But Madrazo was only getting warmed up: somehow he found the reserves to reel in both Bol and Spaniard Jose Herrada of Cofidis inside the final half-kilometre before riding to the biggest win of his career – all while wearing the polka dot jersey of his national race.
What a day for the former Movistar rider – sure makes up for that dodgy fake ID of his…
Best wildcard team: Burgos-BH
This was a tight call. After all, Cofidis made up for Herrada's disappointment in having his pocket picked by Madrazo and Bol by seeing his brother, Jesus, ride to victory one day later in Stage 6. This was then capped by Edet's day in red after the Frenchman was part of that big break in Stage 8.
And then there's Euskadi-Murias who got in on the act by seeing their Basque rider Mikel Iturria emotionally win Stage 11 deep in the Basque Country, in Urdax-Dantxarinea, after holding on in nail-biting fashion. The man he denied that day was Jonathan Lastra of Caja Rural-Seguros RGA – the Spanish wildcards who also saw Alex Aranburu finish second on two occasions.
But if Madrazo's stirring Stage 5 win, long stint in polka dots and breakaway classification prize are not enough to clinch it for Burgos-BH, then Jesus Ezquerra's successful marriage proposal to his girlfriend during the final stage to Madrid sways the balance. It definitely made up for Ezquerra's previous three weeks – when 29th place in Stage 2 was his best finish – during which he was otherwise, er, engaged.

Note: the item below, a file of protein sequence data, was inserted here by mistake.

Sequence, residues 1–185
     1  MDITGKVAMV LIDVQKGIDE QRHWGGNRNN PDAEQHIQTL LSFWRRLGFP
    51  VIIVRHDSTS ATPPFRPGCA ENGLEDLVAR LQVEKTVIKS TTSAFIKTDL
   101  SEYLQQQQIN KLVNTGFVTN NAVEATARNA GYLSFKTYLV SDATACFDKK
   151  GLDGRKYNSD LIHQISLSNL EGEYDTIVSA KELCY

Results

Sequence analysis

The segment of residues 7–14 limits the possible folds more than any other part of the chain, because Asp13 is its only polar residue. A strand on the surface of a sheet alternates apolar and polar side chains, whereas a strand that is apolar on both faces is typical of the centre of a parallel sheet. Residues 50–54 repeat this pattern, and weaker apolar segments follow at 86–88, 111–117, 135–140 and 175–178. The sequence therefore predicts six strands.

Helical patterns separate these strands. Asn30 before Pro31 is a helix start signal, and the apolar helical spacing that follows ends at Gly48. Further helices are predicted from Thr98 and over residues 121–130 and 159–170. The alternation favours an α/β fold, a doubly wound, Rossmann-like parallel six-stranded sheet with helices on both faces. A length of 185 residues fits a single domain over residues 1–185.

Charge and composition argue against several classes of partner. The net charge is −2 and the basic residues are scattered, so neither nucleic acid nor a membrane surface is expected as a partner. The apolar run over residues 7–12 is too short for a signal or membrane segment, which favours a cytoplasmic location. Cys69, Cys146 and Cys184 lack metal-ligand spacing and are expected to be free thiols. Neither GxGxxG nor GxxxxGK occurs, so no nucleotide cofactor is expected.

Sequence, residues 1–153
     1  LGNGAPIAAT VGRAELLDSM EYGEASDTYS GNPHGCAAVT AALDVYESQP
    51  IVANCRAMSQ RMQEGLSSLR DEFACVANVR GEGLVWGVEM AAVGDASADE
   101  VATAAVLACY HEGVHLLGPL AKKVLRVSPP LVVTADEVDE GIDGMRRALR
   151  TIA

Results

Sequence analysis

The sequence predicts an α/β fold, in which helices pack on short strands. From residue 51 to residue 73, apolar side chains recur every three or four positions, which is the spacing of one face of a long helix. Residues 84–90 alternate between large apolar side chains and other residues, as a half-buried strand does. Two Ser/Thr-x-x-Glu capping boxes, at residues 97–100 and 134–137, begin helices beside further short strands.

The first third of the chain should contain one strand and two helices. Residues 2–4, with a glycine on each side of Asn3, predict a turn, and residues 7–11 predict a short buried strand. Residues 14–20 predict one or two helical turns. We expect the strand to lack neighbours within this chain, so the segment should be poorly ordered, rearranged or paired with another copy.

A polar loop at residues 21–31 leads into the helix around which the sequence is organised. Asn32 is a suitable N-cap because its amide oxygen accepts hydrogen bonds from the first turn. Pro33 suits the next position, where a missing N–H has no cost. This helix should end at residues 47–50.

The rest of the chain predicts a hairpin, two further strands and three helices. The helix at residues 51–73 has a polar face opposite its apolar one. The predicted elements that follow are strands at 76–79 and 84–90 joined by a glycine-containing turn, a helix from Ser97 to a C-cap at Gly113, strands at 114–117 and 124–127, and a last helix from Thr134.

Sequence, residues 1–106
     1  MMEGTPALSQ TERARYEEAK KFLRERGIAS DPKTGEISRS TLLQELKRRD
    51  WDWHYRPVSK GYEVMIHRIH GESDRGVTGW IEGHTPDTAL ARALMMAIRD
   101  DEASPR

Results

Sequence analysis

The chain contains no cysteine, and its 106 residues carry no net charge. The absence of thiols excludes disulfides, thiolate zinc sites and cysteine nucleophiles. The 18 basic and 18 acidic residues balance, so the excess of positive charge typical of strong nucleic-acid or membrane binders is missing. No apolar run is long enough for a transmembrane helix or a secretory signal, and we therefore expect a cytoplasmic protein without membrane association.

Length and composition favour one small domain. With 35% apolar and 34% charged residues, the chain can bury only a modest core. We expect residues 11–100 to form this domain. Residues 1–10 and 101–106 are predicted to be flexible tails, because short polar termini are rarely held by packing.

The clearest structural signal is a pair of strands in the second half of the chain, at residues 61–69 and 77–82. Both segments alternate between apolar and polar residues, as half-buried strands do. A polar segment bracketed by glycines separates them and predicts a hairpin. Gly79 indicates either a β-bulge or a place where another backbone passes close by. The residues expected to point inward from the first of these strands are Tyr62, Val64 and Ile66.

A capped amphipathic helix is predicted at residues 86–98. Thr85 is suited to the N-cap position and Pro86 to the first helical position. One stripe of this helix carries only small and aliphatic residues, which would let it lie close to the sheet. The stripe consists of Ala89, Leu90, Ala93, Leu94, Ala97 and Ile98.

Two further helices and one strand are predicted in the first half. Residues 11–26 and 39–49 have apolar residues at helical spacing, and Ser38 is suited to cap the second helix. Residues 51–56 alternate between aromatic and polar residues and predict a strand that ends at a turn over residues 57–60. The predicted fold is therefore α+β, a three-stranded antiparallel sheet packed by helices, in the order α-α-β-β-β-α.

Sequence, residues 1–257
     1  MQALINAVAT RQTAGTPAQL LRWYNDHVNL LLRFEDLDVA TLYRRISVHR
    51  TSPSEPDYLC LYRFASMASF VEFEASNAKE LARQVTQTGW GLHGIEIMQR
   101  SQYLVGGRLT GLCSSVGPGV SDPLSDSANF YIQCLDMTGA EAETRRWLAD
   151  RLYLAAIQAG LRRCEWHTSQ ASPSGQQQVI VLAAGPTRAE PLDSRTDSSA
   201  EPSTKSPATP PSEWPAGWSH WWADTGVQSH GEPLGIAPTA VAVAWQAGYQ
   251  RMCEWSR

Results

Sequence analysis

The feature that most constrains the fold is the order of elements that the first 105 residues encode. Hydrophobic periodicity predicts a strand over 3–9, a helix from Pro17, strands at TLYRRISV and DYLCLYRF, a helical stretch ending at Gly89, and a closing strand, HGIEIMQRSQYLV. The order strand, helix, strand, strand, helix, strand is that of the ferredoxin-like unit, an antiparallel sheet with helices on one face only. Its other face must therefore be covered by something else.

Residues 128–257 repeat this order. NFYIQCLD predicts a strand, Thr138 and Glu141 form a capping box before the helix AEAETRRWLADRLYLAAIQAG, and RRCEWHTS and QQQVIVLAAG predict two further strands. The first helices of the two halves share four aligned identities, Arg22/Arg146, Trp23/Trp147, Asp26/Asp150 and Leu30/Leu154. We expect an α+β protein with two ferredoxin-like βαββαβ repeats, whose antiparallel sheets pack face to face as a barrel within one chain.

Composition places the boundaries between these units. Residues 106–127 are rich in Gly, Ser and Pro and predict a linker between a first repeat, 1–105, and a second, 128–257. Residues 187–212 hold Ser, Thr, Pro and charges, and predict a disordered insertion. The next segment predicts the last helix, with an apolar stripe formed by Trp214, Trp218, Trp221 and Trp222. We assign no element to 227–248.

Best stage: Stage 17 to Guadalajara
It has to be that day in the crosswinds, doesn't it? A day when seven Deceuninck-QuickStep riders made the split; a day when none of the top five on GC were present in the move, but Nairo Quintana was; a day when even the gruppetto, 33 minutes adrift, came home more than half-an-hour ahead of schedule.
It was also a day when Philippe Gilbert delivered the second of his two wins, when QuickStep placed four in the top 10, and James Knox rose up the standings to eighth.
The dinner for one award: Max Richeze
The only QuickStep rider not to make the split in that day of crosswind carnage, the Argentine may have felt like a bit of a gooseberry at the celebrations later on.
Best team: Deceuninck-QuickStep
Jumbo-Visma deserve a huge amount of credit for bouncing back from losing Steven Kruijswijk early and guiding Roglic to victory. With the American Sepp Kuss also adding a magnificent solo win at the Santuario del Acebo, the team came of age to secure their first Grand Tour scalp before Tom Dumoulin has even donned the yellow-and-black kit.